TORONTO — When condo fees more than doubled in a North York building, it sparked a nasty dispute involving legal threats, frightening e-mails, and accusations of a conspiracy, according to a new Ontario Superior Court judgment.
And now the board of the commercial units at the Emerald Park condo at Yonge Street and Sheppard Avenue is hoping a new court order against harassment and threats will give some relief — and allow them to get to the bottom of the surprise fee hikes that are common to many new builds in Ontario.
“It kept me awake at night. I couldn’t sleep,” said William Liu, a member of the board who says he was as surprised as anyone to see the fee hike in the first five years the building was open.
“One hundred thirteen percent on our unit is a lot. For example, my fees went from about $500 a month to about $1000 a month,” he said.
That was tough for his business, a storefront smartphone and technology repair firm. But others in the building took it worse.
Soon, the court judgment says, a group of owners blamed the board for the financial problems, issuing multiple lawsuit threats, accusations of corruption and something called “civil conspiracy,” and frightening e-mails.
One said, “I will find you in Singapore, where you hide and drag you into my cold dark world.”
The tensions got in the way of actually tackling the reason the fees hiked so much, said another unit owner, Leo Papageorge.
“Obviously, it’s in all our common interests to get our fees to the level they should be at so that when you have someone who is throwing stones at people for nothing, it makes things ten times more difficult,” Papageorge said.
The issue of suddenly rising condo fees is not limited to that building. An Ontario Auditor-General’s report in 2020 found many developers had sold units using understated amounts for condo fees in their initial budgets — and didn’t include expected expenses.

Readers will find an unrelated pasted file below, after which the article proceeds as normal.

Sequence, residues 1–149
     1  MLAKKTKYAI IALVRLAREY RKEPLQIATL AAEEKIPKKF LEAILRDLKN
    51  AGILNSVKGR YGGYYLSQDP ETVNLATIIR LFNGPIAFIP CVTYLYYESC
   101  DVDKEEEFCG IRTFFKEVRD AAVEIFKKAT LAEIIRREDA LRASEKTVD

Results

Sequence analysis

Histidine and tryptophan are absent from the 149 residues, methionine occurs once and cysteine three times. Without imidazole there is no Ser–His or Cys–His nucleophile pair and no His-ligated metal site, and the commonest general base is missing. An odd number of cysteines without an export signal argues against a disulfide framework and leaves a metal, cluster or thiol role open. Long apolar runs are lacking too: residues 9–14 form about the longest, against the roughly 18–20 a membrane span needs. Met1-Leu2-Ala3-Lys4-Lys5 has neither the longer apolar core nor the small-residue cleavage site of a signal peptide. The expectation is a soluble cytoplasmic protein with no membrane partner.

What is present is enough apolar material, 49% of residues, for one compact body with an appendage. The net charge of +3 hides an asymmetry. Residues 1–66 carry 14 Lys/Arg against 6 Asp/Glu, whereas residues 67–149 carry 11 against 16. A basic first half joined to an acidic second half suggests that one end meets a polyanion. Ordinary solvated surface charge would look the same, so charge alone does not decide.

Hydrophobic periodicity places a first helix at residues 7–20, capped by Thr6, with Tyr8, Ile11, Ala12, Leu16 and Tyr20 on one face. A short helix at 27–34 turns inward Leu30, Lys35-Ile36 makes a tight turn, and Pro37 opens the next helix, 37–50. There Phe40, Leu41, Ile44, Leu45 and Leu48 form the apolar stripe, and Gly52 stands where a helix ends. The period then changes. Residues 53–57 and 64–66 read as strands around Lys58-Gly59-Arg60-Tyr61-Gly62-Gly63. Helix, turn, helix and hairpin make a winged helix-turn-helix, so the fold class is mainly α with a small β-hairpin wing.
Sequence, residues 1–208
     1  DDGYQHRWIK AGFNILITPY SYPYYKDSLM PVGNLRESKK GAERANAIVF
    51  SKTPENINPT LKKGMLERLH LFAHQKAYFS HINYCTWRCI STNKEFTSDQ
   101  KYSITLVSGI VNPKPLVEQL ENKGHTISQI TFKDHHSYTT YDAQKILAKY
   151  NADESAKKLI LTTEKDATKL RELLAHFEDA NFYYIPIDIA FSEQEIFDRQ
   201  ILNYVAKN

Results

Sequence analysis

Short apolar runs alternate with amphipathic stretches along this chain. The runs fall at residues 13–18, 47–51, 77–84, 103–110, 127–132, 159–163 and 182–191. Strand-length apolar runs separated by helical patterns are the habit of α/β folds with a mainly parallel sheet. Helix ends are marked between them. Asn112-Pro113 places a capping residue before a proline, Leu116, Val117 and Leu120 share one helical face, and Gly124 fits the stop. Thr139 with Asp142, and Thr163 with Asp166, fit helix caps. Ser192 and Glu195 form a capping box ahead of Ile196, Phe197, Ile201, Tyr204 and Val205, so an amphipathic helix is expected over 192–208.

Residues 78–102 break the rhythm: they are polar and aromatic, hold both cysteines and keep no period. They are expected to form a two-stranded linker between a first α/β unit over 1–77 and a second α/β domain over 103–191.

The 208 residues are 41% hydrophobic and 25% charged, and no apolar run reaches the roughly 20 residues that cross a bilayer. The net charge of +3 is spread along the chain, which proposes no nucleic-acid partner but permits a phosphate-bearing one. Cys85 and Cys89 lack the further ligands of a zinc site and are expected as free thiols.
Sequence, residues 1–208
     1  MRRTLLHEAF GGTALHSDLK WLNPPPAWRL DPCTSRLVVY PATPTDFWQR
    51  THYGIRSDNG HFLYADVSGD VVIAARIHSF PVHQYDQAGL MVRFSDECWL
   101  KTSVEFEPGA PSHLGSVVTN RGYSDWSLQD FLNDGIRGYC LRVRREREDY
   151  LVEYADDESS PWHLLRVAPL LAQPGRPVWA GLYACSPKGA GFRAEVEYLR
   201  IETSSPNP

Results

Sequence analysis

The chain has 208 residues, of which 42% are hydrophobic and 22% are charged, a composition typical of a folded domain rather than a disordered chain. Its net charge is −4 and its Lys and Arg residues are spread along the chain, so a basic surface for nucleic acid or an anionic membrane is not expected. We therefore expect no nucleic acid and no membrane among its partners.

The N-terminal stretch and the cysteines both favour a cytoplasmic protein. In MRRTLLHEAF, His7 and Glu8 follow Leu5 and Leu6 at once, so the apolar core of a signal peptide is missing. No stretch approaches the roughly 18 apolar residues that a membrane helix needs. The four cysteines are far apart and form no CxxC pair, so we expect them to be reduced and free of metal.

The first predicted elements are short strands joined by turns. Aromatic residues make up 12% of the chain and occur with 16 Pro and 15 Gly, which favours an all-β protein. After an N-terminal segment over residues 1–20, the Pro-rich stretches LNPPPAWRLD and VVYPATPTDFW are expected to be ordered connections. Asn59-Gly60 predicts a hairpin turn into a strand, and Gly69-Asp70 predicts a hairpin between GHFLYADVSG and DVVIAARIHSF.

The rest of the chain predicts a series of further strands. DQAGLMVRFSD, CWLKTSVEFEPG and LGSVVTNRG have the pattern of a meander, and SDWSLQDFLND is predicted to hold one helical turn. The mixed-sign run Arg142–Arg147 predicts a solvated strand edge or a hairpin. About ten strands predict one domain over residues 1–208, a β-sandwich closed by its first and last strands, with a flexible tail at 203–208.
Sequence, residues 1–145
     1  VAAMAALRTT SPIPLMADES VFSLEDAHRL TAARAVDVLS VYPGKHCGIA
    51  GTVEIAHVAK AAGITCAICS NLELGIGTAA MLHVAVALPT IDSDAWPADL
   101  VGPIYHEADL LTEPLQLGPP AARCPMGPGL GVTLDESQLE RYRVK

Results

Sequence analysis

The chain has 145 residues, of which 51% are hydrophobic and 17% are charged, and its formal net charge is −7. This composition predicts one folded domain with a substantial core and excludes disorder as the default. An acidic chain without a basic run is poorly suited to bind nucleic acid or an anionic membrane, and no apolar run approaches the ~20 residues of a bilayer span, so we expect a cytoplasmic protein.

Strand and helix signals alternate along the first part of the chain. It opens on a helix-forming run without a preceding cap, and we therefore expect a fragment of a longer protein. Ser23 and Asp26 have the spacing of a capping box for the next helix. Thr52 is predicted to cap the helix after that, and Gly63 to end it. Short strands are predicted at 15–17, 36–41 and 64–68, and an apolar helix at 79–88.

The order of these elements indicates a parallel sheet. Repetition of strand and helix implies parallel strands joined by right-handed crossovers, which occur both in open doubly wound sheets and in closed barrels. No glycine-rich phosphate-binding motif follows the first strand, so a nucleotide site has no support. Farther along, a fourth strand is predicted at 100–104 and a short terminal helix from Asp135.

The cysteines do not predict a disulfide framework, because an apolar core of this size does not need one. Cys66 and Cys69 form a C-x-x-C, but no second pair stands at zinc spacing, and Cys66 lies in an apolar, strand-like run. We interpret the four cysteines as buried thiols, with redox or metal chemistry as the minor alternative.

A survey in the report found about half of condo boards saw their fees go up by up to 30 per cent. Around four in 10 boards saw it increase more than that. One in 10 didn’t know.
At the time, the Auditor-General recommended that the developers provide additional disclosure of expected increases to common area expenses, give condo boards more time to claim increased amounts and borrow best practices from other jurisdictions.
In Nova Scotia and Newfoundland and Labrador, the developer must put money in trust to be available to the condo corporation, the report says, and in B.C., developers that understate expenses have to pay a penalty that doubles if expenses are 10 per cent higher or triples if expenses are 20 per cent higher.
“There are no similar provisions in Ontario,” the report says.
At the time, the Ontario government said following those recommendations would require more legislation. That’s a process the Ontario government is going through as it revamps the Condo Act.
That should have been done long ago, said NDP MPP Jessica Bell, who is the critic for Housing, Urban Planning and Tenant Rights.
“The Auditor-General found very clearly there are many condo residents that are moving into buildings that face a sudden increase in condo fees because developers are systematically understating the condo fees at time of sale. That’s not fair. Condo residents deserve to know how much they’re going to pay to get a well-maintained building. They have rights,” she said.
One thing the government should do is require a third party to analyze the expected expenses so that residents aren’t taking the word of a developer who is also interested in selling the units in the building.
Lawsuits continue at the Emerald Park building, seeking to discover exactly why the fees went up, with the condo board engaging a forensic auditor.
The judge, in this case, issued an injunction saying the condo unit owners can’t threaten or harass Liu or other board members, something Liu says is helping him sleep at night again.
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